JOLIET – The city is starting what it hopes to be a more business-friendly approach toward code compliance to spruce up the major commercial corridors in Joliet.
Starting with South Larkin Avenue, a city code officer will meet with business owners to get cooperation on efforts to rid commercial corridors of parking lot potholes, weedy landscaping and other unsightly conditions.
The city has renamed its code enforcement officer and given the position the title of “code assistance” in an effort to convey a friendlier approach.
“The goal of the program is to educate and work with the business owners to comply with the city codes and assist in providing solutions to maintain property values in the commercial areas,” City Manager Jim Hock said in a news release announcing the program.
At the same time, the program may mark a more serious commitment by the city to get businesses to take care of code violations and improve the appearance of heavily traveled thoroughfares.
“This is really our first effort to go out and take a corridor-by-corridor approach,” Hock said during an interview. “We’ll look at all of our corridors and do them one at a time.”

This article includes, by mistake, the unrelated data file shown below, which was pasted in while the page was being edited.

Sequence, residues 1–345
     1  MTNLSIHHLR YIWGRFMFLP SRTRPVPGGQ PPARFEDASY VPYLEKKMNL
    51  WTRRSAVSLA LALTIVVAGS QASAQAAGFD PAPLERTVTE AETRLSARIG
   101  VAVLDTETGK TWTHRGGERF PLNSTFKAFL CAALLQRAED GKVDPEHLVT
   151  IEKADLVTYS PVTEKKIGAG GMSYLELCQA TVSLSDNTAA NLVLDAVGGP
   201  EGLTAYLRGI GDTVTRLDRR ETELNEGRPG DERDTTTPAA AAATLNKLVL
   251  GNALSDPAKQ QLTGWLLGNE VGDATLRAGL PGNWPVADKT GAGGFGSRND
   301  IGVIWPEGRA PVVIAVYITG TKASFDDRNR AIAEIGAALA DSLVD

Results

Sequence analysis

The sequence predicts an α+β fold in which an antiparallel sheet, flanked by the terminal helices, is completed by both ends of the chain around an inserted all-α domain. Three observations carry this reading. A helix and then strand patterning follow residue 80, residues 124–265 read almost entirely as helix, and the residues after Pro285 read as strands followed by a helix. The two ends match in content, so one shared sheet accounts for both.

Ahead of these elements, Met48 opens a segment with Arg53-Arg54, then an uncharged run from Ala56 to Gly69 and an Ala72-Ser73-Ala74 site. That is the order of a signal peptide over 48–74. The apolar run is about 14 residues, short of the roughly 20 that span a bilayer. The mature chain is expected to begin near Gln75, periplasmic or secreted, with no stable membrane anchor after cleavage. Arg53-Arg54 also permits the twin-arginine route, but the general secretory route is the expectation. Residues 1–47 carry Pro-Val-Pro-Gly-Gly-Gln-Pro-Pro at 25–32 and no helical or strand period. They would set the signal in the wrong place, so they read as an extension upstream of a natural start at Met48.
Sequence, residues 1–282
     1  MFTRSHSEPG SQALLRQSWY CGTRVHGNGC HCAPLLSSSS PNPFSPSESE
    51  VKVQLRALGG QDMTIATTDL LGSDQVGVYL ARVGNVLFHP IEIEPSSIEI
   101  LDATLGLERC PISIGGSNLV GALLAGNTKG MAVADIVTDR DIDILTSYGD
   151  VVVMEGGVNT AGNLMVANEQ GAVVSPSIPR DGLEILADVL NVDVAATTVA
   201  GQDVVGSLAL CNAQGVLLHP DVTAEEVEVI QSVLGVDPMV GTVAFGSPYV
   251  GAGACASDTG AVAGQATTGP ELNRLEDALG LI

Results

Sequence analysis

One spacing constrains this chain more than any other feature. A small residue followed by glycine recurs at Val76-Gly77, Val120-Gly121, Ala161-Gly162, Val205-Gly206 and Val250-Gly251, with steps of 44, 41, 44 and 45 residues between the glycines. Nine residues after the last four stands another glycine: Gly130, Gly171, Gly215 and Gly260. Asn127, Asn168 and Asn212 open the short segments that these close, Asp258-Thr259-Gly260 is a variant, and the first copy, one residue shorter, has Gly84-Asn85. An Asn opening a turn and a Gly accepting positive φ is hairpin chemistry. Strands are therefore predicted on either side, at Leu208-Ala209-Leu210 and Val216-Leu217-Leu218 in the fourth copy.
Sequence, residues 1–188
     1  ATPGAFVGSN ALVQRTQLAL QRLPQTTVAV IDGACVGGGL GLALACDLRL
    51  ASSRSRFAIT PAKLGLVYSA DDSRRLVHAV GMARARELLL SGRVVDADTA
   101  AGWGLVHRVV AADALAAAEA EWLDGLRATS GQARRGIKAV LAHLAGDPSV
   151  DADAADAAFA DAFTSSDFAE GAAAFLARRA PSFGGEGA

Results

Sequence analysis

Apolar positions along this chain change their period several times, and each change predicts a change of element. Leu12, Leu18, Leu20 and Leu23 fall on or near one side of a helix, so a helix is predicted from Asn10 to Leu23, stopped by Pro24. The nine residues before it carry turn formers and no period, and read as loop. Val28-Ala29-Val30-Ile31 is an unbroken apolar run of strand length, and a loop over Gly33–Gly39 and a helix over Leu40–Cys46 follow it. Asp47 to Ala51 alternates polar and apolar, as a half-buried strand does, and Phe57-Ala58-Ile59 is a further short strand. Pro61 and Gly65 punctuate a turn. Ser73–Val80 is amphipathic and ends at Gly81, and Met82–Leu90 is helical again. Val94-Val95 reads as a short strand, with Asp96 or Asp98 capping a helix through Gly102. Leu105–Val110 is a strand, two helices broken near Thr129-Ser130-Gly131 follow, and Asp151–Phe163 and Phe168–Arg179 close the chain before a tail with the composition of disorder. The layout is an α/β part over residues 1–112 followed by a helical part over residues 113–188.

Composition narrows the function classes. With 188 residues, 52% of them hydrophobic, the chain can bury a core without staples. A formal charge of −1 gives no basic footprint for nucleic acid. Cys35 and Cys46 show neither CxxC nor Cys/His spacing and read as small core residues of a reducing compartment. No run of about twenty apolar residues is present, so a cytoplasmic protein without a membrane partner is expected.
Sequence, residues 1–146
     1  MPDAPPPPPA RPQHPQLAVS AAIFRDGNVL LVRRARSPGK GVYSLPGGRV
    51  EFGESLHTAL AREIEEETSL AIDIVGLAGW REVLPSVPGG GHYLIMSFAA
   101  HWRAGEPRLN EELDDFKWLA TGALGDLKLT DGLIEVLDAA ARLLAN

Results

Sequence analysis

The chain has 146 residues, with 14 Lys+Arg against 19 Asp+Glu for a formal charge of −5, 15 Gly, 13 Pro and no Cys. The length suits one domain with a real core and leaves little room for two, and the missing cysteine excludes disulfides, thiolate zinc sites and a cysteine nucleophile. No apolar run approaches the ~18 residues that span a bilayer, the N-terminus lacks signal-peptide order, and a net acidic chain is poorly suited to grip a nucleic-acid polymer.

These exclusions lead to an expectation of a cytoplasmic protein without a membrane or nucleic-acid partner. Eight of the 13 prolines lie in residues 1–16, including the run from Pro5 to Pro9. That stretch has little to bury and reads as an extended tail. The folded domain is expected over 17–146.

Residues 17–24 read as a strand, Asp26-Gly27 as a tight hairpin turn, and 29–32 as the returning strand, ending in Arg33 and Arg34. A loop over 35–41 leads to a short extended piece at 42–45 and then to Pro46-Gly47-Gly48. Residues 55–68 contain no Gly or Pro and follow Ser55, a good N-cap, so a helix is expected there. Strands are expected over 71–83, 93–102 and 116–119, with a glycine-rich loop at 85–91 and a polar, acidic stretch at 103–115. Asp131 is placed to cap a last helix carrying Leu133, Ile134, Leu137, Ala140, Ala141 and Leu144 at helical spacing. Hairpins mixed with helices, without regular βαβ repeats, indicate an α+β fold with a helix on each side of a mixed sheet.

Larkin and Jefferson
The first corridor under review is Larkin Avenue between Interstate 80 and Jefferson Street.
The stretch of road is one of the entryways to Joliet off I-80. It has been mentioned during election campaigns and at other times as an area in need of improvement for the sake of first impressions when people drive into the city.
Jefferson Street is tentatively scheduled as the next corridor for inspection, with some focus being placed on the area between the street and the campus of Presence Saint Joseph Medical Center.
Hock said the city would like to see the medical campus extended to Jefferson Street in some way to offer higher visibility for the hospital and the physician services that surround it.
Program starts Feb. 15
The city has sent a letter to the businesses that line South Larkin Avenue that starts out telling them, “The city of Joliet is asking you to partner with us to improve the appearance and property values within our business thoroughfares.”
The code assistance officer will begin visiting businesses the week of Feb. 15.
The letter also notifies businesses that the city wants handicapped parking spaces to be marked with new signs provided by the city to reflect an increase in the fine for handicapped parking violations to $500.
Hock said the city also wants to get compliance with a new ordinance aimed at limiting the number of temporary signs such as banners and windsocks.